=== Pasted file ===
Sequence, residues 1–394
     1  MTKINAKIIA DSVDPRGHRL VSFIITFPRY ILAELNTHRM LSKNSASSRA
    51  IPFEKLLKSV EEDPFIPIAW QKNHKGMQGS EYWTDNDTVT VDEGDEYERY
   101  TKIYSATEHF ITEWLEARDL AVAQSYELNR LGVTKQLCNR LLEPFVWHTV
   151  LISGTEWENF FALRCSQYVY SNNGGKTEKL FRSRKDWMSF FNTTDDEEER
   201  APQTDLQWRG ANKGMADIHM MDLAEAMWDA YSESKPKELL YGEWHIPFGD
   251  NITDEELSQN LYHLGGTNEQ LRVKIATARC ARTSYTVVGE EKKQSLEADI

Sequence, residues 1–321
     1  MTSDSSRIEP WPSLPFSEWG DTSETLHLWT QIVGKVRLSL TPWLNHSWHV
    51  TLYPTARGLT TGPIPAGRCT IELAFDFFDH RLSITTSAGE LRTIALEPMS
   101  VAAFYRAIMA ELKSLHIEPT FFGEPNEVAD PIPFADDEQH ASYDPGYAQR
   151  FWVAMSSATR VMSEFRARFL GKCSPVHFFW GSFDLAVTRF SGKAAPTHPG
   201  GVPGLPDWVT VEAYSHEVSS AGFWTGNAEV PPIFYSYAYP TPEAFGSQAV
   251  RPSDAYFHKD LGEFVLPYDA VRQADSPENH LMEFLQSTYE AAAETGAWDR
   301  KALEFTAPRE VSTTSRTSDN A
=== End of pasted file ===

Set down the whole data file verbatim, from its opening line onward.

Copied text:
Sequence, residues 1–394
     1  MTKINAKIIA DSVDPRGHRL VSFIITFPRY ILAELNTHRM LSKNSASSRA
    51  IPFEKLLKSV EEDPFIPIAW QKNHKGMQGS EYWTDNDTVT VDEGDEYERY
   101  TKIYSATEHF ITEWLEARDL AVAQSYELNR LGVTKQLCNR LLEPFVWHTV
   151  LISGTEWENF FALRCSQYVY SNNGGKTEKL FRSRKDWMSF FNTTDDEEER
   201  APQTDLQWRG ANKGMADIHM MDLAEAMWDA YSESKPKELL YGEWHIPFGD
   251  NITDEELSQN LYHLGGTNEQ LRVKIATARC ARTSYTVVGE EKKQSLEADI

Sequence, residues 1–321
     1  MTSDSSRIEP WPSLPFSEWG DTSETLHLWT QIVGKVRLSL TPWLNHSWHV
    51  TLYPTARGLT TGPIPAGRCT IELAFDFFDH RLSITTSAGE LRTIALEPMS
   101  VAAFYRAIMA ELKSLHIEPT FFGEPNEVAD PIPFADDEQH ASYDPGYAQR
   151  FWVAMSSATR VMSEFRARFL GKCSPVHFFW GSFDLAVTRF SGKAAPTHPG
   201  GVPGLPDWVT VEAYSHEVSS AGFWTGNAEV PPIFYSYAYP TPEAFGSQAV
   251  RPSDAYFHKD LGEFVLPYDA VRQADSPENH LMEFLQSTYE AAAETGAWDR
   301  KALEFTAPRE VSTTSRTSDN A